Spot iron ore entered China’s Golden Week holiday at $104.20 a tonne recovering from the worst quarterly performance in history.
The steelmaking ingredient has clawed back more than 20% of its value since hitting a three-and-a-half year low of $86.70 on September 5.
Iron ore hit an all time record in February last year of over $190 a tonne. By October 2011 it was still holding above $170 a tonne, but then in less than a month it suffered a mini-crash to below $120 a tonne.
Now many industry analysts and some producers see signs that the price of iron ore may start to gap lower again thanks to the commodity’s tight relationship to China.
The iron ore market is all about China.
The country consumes more than 60% of the 1 billion tonne global seaborne trade in iron ore. China almost produces more steel than the rest of the world combined.
The price of copper – the traditional leading indicator of GDP growth thanks to its widespread use in industry – is up 22% from last year.
But many argue that due to industry specific factors such as tight supply, warehousing practices and good ol’ market speculation, copper no longer fulfills that role.
At least not when it comes to China – to gain insights into the performance of the world’s second largest economy look at that the price of iron ore.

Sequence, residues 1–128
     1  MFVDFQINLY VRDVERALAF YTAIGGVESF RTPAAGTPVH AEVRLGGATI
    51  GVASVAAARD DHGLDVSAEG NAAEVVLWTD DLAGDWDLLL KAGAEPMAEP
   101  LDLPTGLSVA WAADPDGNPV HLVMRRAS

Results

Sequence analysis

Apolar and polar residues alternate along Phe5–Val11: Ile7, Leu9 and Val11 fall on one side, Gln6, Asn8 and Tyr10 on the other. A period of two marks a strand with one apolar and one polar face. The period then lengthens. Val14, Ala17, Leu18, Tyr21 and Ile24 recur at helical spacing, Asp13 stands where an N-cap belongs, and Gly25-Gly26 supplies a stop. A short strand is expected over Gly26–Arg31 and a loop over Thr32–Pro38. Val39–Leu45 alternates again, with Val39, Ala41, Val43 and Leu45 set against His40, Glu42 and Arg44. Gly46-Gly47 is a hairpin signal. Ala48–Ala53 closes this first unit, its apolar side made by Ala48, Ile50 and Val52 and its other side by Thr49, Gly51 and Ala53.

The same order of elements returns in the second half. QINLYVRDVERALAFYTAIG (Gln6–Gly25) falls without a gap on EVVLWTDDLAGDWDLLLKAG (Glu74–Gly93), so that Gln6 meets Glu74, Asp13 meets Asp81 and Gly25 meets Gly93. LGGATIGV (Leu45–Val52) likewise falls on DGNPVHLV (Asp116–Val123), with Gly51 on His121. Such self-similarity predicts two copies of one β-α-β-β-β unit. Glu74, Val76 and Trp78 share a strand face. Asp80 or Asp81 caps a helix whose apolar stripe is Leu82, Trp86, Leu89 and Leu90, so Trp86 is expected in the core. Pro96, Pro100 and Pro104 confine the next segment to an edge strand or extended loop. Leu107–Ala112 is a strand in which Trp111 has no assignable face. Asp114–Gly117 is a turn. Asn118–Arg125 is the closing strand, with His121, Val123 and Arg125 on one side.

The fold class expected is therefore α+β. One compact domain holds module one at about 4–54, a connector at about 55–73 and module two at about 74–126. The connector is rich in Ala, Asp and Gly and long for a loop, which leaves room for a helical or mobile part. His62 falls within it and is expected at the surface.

Growth in China appears to be slowing more drastically than expected despite concerted efforts by the communist leadership to induce a new growth spurt through infrastructure spending.
Bloomberg on Wednesday quotes Kieran Davies, chief economist at Barclays Capital in Sydney, as saying in a research note that “the price of iron ore is the canary in the coal mine.”
Iron may plunge as low as $50 a tonne before the middle of next year Andy Xie, a former Morgan Stanley chief Asia-Pacific economist told CNBC last month.
Xie is not that much of an outlier on the outlook for iron ore – a Bloomberg survey show the majority of analysts predict prices are set to fall for four consecutive years starting in 2014.
Cutbacks in capital notwithstanding, 2014 would also see much more iron ore coming onto the market as expansion projects in Brazil, Canada and Australia start producing and Indian exports resume.
While it is not surprising that producers still see good years ahead, Alberto Calderon, BHP Billiton’s corporate development head, acknowledged to an industry audience in Australia a fortnight ago that the heady days of 2011 – a function of major supply demand/imbalances in China – would not be seen again.
$50 a tonne would constitute more than a six year low – it’s a price more associated with an iron ore industry characterized by secret negotiations and annual contracts.
It seems quaint today but that was how the market functioned until as late as 2008.
It’s worth remembering that the price of 62% iron ore never strayed from $10 – 14 a tonne for more than 20 years (1991 was a banner year – miners got all of $15.03 for their haul).